Genetic association studies provide a potentially powerful tool for identifying genetic variations that influence susceptibility to common diseases. However, there are numerous cases of associations that cannot be replicated afterward, which has led to skepticism about genetic epidemiology studies of complex diseases (10,11). In the case of FTO association with BMI, there have been robust evidences and numerous replications in white populations. However, additional evidence from other major ethnic groups may be needed, such as from African and Asian populations.
FTO is expressed in a range of tissues including the brain, adipose tissue, pancreas, and hypothalamus. However, the way by which the FTO gene product acts on energy metabolism should be elucidated by additional investigation. The one relevant role with BMI of this gene is the potential involvement in hypothalamus-pituitary axis implicated in body weight regulation (12). Recently, putative function of FTO has been reported. Studies of wild-type mice indicate that FTO mRNA is most abundant in the brain, particularly in hypothalamic nuclei governing energy balance, and that FTO mRNA levels in the arcuate nucleus are regulated by feeding and fasting. Studies can now be directed toward determining the physiologically relevant FTO substrate and how nucleic acid methylation status is linked to increased fat mass (13).
In this study, first positive associations with BMI were detected in an Asian population. Our results are concordant with previous studies in white populations. However, our results do not agree with previous studies in Asian populations, e.g., no associations were found among Oceanic (Melanesians, Micronesians, and Polynesians), Japanese, and Chinese populations (7,8,9). The first referenced study of Oceanic populations might be unreliable because of weak statistical power due to limited sample sizes (n = 39–116) (ref. 7). In the other study, of a Japanese population, the association was performed with 864 type 2 diabetes patients and 864 controls using two FTO variants, rs8050136 and rs9939690. Although one variant, rs8050136, was associated with type 2 diabetes, neither SNP was found to be associated with BMI (8). In addition, three FTO SNPs (rs8050136, rs9939609, and rs9930506) were not associated with obesity-related phenotypes among Chinese Han population (9). The direct comparison would not be possible because they had tested different SNPs (Supplementary Table S1 online). However, negative association in their study among Chinese population could be expected when considering the high linkage disequilibrium (r 2 = 0.63–1, data not shown) among FTO SNPs in Asians (Supplementary Figure S1 online). Although it is hard to decipher the discrepancies with our study on the effect of FTO variants on BMI, the possible difference in diets, differing genetic background of the subjects (due to differing ethnicities), and/or low sample sizes in both studies could be plausible explanations. Therefore, further study with larger samples of other Asian populations is needed to confirm the identified genetic effects on BMI in a Korean population.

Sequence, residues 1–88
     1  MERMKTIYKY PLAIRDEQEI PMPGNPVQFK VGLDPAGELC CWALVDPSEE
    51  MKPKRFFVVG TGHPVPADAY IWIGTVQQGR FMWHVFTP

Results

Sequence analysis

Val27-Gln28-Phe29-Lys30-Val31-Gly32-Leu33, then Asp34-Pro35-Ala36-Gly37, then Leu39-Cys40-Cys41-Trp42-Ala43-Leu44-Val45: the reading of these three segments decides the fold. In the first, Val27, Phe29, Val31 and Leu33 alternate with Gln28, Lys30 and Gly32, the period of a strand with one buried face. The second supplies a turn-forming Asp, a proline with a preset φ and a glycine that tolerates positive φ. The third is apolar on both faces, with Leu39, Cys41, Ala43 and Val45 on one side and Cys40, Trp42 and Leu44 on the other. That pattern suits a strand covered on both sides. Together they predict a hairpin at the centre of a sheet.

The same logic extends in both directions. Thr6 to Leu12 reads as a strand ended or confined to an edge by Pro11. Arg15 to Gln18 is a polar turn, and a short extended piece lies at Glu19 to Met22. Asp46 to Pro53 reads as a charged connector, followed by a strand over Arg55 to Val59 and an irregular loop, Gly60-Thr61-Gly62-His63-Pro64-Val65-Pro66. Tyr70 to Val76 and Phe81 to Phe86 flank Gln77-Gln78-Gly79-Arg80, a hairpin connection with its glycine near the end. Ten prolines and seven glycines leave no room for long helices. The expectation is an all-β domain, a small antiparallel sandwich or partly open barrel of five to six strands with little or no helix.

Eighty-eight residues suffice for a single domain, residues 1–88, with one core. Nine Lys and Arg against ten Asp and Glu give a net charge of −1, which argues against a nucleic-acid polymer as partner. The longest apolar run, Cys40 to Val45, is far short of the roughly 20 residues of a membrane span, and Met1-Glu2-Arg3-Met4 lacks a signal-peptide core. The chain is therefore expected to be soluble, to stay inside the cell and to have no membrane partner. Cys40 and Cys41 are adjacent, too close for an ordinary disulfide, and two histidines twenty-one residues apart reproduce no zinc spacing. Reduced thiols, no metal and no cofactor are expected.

In summary, we have replicated the genetic association of two SNPs in intron 1 of FTO (rs1421085 and rs17817449) in a Korean population (n = 1,733) and, to our knowledge, this is the first such replication in an Asian population. Although further studies with larger samples of other Asian populations are needed, FTO polymorphisms show potential for being one of the global BMI-associated genetic factors.